If you are new to this blog, you should know that our laboratory and collaborators work on all aspects of physiologically-active compounds from natural sources – plants, fungi, bacteria, marine organisms, etc.
So, I am equally interested in prescription drugs and herbal or non-botanical dietary supplements. There are still some products on the shelves of health food stores that can actually provide health benefits if manufactured properly and taken in high enough doses.
A common practice by unscrupulous supplement manufacturers is to add prescription drugs, or close structural relatives, to their herbal product to make it appear to the consumer that their product has beneficial effects.
In the last two weeks, the US FDA MedWatch program has announced two voluntary product recalls for dietary supplements adulterated with undeclared prescription drugs.
Another in a long litany of erectile dysfunction products boosted with compounds like those found in Viagra or Cialis comes to us from Vialipro by Good Health, Inc.:
Good Health, Inc. is conducting a voluntary recall after an FDA lab analyses found that the product tested from certain batches of Vialipro contain Sulfoaildenafil, an analogue of Sildenafil, an FDA-approved drug used as treatment for male Erectile Dysfunction (ED) making this product an unapproved drug. The undeclared ingredient may pose a threat to the consumer because the interaction of the analogue with some prescription drugs (such as nitroglycerin) may lower blood pressure to dangerous levels. Consumers with diabetes, high blood pressure, high cholesterol, or heart disease often take other prescription drugs.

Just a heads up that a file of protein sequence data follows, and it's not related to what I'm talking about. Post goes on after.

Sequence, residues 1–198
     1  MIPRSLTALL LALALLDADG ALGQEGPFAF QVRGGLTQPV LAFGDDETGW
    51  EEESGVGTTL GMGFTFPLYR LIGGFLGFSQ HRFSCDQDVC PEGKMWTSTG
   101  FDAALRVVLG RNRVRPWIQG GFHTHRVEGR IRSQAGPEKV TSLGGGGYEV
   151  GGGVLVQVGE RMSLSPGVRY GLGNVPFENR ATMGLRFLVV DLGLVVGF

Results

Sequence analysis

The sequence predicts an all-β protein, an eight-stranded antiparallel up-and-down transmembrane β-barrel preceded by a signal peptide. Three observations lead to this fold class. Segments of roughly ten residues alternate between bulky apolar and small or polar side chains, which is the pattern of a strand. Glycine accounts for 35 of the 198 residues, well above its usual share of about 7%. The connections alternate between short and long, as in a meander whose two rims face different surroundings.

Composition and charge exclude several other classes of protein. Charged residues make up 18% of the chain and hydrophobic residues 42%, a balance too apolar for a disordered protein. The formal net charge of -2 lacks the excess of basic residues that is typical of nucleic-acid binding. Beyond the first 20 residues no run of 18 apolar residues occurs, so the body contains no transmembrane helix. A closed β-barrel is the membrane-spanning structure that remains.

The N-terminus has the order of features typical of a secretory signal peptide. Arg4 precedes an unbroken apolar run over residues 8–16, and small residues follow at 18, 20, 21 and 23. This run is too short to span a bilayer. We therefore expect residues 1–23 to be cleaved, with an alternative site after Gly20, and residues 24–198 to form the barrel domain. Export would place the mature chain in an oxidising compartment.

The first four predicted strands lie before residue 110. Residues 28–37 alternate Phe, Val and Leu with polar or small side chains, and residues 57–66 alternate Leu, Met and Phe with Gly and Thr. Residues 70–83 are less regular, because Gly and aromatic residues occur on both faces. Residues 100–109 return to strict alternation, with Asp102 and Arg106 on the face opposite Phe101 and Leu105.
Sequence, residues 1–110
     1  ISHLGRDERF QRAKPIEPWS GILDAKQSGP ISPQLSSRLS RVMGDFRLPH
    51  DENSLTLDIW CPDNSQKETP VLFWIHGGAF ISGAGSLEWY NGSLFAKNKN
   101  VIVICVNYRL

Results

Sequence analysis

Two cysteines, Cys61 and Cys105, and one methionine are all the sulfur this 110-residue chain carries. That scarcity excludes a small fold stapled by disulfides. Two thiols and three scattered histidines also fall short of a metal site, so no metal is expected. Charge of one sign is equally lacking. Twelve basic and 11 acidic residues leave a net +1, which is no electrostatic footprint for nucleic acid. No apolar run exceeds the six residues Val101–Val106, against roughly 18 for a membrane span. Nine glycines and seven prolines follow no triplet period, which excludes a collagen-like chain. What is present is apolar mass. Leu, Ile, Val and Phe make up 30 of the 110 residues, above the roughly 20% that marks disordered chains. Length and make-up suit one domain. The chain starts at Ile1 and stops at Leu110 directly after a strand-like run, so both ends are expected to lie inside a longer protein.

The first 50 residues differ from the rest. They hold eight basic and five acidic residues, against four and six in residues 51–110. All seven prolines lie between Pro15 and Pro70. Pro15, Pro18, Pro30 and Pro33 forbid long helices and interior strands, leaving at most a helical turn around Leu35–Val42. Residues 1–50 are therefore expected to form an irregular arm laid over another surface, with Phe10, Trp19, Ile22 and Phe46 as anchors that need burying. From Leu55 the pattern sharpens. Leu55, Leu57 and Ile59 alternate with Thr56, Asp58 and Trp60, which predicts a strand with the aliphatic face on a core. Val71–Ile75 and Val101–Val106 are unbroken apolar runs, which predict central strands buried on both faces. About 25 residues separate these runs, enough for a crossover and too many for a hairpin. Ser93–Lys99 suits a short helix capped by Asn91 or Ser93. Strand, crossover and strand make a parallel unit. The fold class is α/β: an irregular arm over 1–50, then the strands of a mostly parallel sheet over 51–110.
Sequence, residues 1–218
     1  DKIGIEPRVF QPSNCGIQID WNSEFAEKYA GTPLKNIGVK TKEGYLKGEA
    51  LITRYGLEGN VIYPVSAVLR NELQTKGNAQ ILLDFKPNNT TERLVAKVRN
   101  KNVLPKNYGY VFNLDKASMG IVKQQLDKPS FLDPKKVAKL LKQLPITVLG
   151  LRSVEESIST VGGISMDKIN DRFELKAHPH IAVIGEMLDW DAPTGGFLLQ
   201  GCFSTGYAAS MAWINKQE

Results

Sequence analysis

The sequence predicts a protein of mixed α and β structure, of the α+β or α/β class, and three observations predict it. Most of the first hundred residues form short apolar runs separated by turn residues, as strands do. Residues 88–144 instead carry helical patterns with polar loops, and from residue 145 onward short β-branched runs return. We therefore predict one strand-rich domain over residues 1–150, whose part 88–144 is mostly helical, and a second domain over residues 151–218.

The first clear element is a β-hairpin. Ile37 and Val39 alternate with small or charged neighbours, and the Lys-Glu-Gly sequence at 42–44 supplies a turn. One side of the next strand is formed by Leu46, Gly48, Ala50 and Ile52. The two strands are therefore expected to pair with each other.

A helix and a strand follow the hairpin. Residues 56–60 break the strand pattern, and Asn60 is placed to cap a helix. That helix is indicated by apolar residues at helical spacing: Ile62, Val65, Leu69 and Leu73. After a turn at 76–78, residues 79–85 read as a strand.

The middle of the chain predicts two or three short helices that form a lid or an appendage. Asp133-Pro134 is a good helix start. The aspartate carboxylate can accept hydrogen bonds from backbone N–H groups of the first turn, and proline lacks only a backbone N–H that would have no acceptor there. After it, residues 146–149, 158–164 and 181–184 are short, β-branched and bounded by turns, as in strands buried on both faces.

The Vialipro product website is dead as of the time of this writing.
Such practice with this product class is extremely sophomoric: the FDA has had a testing program running for several years to detect these compounds in male sexual enhancement products. The FDA hasn’t updated their consumer information page since February, 2009, but this guide lists a large number of herbal products identified since 2004 as having prescription, phosphodiesterase-5 inhibitors in them.
The practice is simply disingenuous and damages the reputation of botanical supplement manufacturers (and botanical researchers) who are trying to play by the rules and rigorously study these products.
Case two comes courtesy of J&H Besta Corporation and their Joyful Slim/Slim-30 “Natural Herb for Weight Loss”:
FDA lab analysis of this herb supplement was found to contain the undeclared drug, desmethyl sibutramine, an FDA-approved drug used as an appetite suppressant for weight loss. Sibutramine is known to substantially increase blood pressure and/or pulse rate in some patients and may present a significant risk for patients with a history of coronary artery disease, congestive heart failure, arrhythmias or stroke.
The Joyful Slim website is still live (because they sell other products) but contains this ironic image:
This is cheating, my friends, and these are only the cases that are detected by the FDA. These incidents make me wonder just how many cases of reported dietary supplement efficacy are due to physiologically-active adulterants – the abundance of clinical trial failures of well-characterized, chemically-qualified herbal supplements may speak to this very issue.